The ideal employee
Jan Willem did the pilot in his program on employability and in his program on labor market inclusion. In it, he reflected with students on what human images they implicitly look at their own profession with. "My class started with the question, 'What is the ideal employee in a commercial context?' The things students then mention, for example, are: results-oriented, efficient, heart for the business and passion. These are somewhat more commercial concepts that focus on that employees need to do a certain task. The purpose of the organization is central to this."
"Then I went through the Homo florens thinking went: you can also see a human being as a relational being that is not only focused on self-utility maximization. At the end of the lesson, I asked the question about the ideal employee again and then the students mentioned other competencies, such as being able to cooperate, empathy, an eye for the other, self-esteem and self-knowledge."
Discussing the students' views, Jan Willem did so dialogically: "We talked and discussed with the focus: How do you look at your profession? Put that into words. At the end of the program, the students wrote a vision note about how they currently view their profession. We started a conversation about that and then we gave them the notion of the human view Homo florens submitted to see how they look at that. It was a first experiment, it was a lot of fun to work with that."
Evoking good questions
The goal of this pilot is not to convince students of one of the human images but to get them to think about their implicit thinking: "There are students who think, 'People shouldn't whine but just work hard,' or 'I don't care if work comes at the expense of social structure and ecology.' That's fine with me! You can have a conversation about that. After all, if you really only see man as a rational being, you have to be able to deal with the critical questions that that raises in the 21st century. In addition, there is another category of students who think 'Okay, how do I deal with people more relationally? What should I do? Making human images explicit raises good questions."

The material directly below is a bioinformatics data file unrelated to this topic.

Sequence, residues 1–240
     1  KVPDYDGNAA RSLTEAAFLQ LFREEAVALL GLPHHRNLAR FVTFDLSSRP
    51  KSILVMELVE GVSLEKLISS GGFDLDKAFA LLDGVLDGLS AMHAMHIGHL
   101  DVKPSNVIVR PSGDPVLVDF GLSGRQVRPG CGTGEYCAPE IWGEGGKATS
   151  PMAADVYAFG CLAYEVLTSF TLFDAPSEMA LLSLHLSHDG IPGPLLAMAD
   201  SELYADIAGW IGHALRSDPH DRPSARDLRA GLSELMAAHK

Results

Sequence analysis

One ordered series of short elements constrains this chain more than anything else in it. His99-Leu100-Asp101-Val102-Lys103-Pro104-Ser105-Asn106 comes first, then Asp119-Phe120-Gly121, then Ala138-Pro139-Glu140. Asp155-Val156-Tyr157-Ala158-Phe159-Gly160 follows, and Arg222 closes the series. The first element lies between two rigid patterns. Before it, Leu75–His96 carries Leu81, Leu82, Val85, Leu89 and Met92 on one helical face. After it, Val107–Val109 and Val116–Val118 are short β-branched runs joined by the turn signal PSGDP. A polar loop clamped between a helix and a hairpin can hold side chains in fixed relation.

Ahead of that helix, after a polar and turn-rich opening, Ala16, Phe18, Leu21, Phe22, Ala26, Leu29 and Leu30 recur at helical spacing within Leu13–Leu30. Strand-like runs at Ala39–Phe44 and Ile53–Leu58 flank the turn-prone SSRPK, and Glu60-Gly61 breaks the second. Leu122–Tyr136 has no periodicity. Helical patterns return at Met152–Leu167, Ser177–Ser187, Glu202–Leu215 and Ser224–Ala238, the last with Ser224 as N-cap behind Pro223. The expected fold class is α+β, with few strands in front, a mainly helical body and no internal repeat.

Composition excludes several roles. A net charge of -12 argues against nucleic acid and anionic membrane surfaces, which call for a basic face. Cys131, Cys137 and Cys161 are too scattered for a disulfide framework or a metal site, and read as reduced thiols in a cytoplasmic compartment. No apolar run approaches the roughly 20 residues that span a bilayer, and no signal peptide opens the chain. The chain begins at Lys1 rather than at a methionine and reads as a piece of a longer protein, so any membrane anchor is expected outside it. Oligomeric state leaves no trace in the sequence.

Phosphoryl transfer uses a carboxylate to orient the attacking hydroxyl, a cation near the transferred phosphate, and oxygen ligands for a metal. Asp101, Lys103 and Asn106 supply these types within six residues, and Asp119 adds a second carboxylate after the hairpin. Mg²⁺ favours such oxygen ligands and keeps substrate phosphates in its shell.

Challenges in teaching practice
Jan Willem found it a challenge that students are not always aware of the concept of the human condition. "I just flattened it by saying that everyone has implicit expectations of others and from that comes an explicit norm. Where does that come from? Then you have a nice entry point to talk about that with students in the context of work."
In addition, according to Jan Willem, a challenge for the teacher is to get the students to think for themselves: "And that you don't preach. You shouldn't say 'Homo florens is the future, otherwise we all have a big problem.' That requires some nimbleness from teachers to be able to deal with the question and really engage with it dialogically. Creating forms of work that leave room for interpretation in the process is really fun. Of course, I am facilitating the learning process, but I am also learning myself."
The relational in training
According to Jan Willem, this learning process is an important part of the training: "The human view Homo florens offers the opportunity to include in training how humans interact with nature. We are concerned with the importance of healthy, sustainable cooperation, the importance of having an eye for the other person but also having an eye for the interest of the organization. These questions are also quite topical in the field. We all know that the paradigms we are in now, such as Homo economicus, don't quite fit this stage of social development so what are we going to do? I think it's an interesting development and I'm curious to see where it goes."
Would you like to think along with Jan Willem and the other participants of the knowledge network how to make human images discussable in HEO? Send an email to Peter Luiten at email@example.com and hear more about the possibilities.